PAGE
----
@Johnny –
    Progressives are in favor of energy taxes to raise revenue. European governments raise significant sums in the name of carbon taxes, where gas is more than twice as expensive. The climate is just a good excuse.

    A good excuse? Prove you’re not dogmatic. Actually, this challenge goes to any AGW deniers/doubters who happen to be reading this. Name the source that could convince you tomorrow that AGW is real and a serious enough problem it requires gov’t action. I can answer the flipside of this challenge easily: a reversal of the relevant scientific consensus — i.e. the 97% of active climatologists.* Your turn. Go.

    * http://tigger.uic.edu/~pdoran/012009_Doran_final.pdf
    * http://www.pnas.org/content/early/2010/06/04/1003187107.full.pdf+html

  24. Mikio

    @Nullius in Verba –

    Yes. Although it would be more accurate to say opportunity-equality versus outcome-equality.

    No, it wouldn’t. That’s the false belief of every conservative I’ve ever encountered. Where’s the equal opportunity conservatives are offering homosexuals whom they want to deny the right to marry each other? It doesn’t exist. Where’s the EO conservatives are offering non-Christians? (think “Ground Zero” Muslim cultural center) It doesn’t exist. Where’s the EO conservatives offer low-skilled workers whose minimum wage they want to abolish? It doesn’t exist. Where’s the EO conservatives offer unions whose very existence they want to abolish? It doesn’t exist. Where’s the EO conservatives have for victims of the military and police? The concept doesn’t even compute in the conservative cranium. The military and police are always right. Where’s the EO conservatives offer for wildlife and the environment to thrive and not be sacrificed for profit? It doesn’t exist. You’re completely wrong on this, like a typical conservative (or conservative-leaning libertarian).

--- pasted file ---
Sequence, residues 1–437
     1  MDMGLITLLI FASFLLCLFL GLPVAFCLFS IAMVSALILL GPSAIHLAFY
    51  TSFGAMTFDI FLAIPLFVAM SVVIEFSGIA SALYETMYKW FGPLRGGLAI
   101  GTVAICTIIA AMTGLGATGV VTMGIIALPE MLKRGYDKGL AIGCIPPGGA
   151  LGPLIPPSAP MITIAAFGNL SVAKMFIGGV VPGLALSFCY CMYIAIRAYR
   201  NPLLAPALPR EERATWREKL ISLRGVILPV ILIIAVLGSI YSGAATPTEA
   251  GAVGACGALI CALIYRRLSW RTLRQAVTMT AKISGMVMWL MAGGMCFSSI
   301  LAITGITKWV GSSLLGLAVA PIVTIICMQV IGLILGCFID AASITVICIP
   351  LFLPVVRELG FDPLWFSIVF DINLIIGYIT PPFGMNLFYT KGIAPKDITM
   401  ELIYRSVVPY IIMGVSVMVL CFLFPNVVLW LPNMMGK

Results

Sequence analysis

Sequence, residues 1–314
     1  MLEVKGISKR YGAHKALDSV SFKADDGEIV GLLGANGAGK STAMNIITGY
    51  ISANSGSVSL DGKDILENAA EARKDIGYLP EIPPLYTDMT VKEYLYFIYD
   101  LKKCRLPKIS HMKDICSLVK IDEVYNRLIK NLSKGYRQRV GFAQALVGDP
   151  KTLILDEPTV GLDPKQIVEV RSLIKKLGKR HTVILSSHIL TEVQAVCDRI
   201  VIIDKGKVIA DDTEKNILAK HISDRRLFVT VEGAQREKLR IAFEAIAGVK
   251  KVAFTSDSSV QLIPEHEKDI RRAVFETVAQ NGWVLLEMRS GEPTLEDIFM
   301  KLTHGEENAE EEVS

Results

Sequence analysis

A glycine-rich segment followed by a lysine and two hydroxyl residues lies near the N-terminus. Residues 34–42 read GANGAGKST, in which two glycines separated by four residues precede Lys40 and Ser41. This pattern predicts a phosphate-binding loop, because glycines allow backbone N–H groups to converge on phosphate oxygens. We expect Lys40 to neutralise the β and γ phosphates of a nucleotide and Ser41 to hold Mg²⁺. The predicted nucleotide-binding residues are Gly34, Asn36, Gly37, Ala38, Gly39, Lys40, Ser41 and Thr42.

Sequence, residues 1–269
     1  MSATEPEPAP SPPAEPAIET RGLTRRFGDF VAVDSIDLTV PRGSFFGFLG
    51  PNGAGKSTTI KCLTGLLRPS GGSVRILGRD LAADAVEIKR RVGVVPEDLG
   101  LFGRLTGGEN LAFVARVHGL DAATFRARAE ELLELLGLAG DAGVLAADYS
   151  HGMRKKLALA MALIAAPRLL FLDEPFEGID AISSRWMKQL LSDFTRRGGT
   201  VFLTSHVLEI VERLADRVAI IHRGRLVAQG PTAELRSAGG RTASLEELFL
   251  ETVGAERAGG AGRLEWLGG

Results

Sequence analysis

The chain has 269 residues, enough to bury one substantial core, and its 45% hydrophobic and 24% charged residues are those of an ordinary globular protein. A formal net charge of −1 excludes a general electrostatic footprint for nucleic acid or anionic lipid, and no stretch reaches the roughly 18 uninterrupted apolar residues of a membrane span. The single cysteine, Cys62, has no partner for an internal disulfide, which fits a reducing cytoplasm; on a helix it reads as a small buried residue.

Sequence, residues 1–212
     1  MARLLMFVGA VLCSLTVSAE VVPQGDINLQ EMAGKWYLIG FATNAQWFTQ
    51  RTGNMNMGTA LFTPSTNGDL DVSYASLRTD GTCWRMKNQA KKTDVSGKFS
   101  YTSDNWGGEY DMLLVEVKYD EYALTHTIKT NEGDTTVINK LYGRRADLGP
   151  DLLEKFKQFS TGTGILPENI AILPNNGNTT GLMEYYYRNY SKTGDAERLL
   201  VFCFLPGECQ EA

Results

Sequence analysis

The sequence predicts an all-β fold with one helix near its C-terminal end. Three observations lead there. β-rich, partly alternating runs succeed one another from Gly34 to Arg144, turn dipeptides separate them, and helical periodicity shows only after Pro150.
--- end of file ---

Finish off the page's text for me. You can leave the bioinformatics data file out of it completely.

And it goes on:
25. Mikio

    @Johnny –

    Progressives are in favor of energy taxes to raise revenue. European governments raise significant sums in the name of carbon taxes, where gas is more than twice as expensive. The climate is just a good excuse.

    A “good excuse,” huh? Prove you’re not dogmatic. Actually, this challenge goes to any AGW deniers/doubters who happen to be reading this. Name the source that could convince you tomorrow that AGW is real and a serious enough problem it requires gov’t action. I can answer the flipside of this challenge easily: a reversal of the relevant scientific consensus — i.e. the 97% of active climatologists.* Your turn. Go.

    * http://tigger.uic.edu/~pdoran/012009_Doran_final.pdf
    * http://www.pnas.org/content/early/2010/06/04/1003187107.full.pdf+html

  26. Nullius in Verba

    “Conversely, the more scientifically literate and numerate conservatives were and who presumably had consumed more of the facts about climate change, the more they must’ve rejected those facts, probably chalking them up to “liberal media lies” and “greedy, lying, socialist climatologists””

    If you don’t know, you could always ask.

    The difference could be explained by conservative beliefs being evidence-based and liberal beliefs being expert-based. The more educated the liberal, the more they know and go with what the experts say. The more educated the conservative, the more they know and go with what the evidence says.